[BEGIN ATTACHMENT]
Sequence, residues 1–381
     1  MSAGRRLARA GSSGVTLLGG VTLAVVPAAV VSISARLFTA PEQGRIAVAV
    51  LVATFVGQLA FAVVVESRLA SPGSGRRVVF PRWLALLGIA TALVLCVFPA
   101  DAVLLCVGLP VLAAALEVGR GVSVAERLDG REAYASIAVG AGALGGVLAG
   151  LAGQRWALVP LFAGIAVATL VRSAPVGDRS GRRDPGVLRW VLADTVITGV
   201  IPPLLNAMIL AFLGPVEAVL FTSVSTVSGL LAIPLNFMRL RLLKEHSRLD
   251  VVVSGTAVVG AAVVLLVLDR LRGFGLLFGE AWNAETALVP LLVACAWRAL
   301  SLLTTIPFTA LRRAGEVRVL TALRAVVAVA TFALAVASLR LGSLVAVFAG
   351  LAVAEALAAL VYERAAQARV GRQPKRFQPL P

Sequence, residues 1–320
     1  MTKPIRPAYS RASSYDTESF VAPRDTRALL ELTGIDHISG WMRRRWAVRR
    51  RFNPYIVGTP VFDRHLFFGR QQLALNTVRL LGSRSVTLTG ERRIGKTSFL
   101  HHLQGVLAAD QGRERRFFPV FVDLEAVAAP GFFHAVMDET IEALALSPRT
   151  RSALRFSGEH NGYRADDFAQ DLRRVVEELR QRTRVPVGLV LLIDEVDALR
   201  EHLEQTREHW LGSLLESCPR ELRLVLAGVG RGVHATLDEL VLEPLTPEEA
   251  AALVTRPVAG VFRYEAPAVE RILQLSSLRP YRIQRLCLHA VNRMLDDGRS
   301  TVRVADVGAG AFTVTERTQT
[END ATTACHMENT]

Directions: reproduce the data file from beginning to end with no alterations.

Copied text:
Sequence, residues 1–381
     1  MSAGRRLARA GSSGVTLLGG VTLAVVPAAV VSISARLFTA PEQGRIAVAV
    51  LVATFVGQLA FAVVVESRLA SPGSGRRVVF PRWLALLGIA TALVLCVFPA
   101  DAVLLCVGLP VLAAALEVGR GVSVAERLDG REAYASIAVG AGALGGVLAG
   151  LAGQRWALVP LFAGIAVATL VRSAPVGDRS GRRDPGVLRW VLADTVITGV
   201  IPPLLNAMIL AFLGPVEAVL FTSVSTVSGL LAIPLNFMRL RLLKEHSRLD
   251  VVVSGTAVVG AAVVLLVLDR LRGFGLLFGE AWNAETALVP LLVACAWRAL
   301  SLLTTIPFTA LRRAGEVRVL TALRAVVAVA TFALAVASLR LGSLVAVFAG
   351  LAVAEALAAL VYERAAQARV GRQPKRFQPL P

Sequence, residues 1–320
     1  MTKPIRPAYS RASSYDTESF VAPRDTRALL ELTGIDHISG WMRRRWAVRR
    51  RFNPYIVGTP VFDRHLFFGR QQLALNTVRL LGSRSVTLTG ERRIGKTSFL
   101  HHLQGVLAAD QGRERRFFPV FVDLEAVAAP GFFHAVMDET IEALALSPRT
   151  RSALRFSGEH NGYRADDFAQ DLRRVVEELR QRTRVPVGLV LLIDEVDALR
   201  EHLEQTREHW LGSLLESCPR ELRLVLAGVG RGVHATLDEL VLEPLTPEEA
   251  AALVTRPVAG VFRYEAPAVE RILQLSSLRP YRIQRLCLHA VNRMLDDGRS
   301  TVRVADVGAG AFTVTERTQT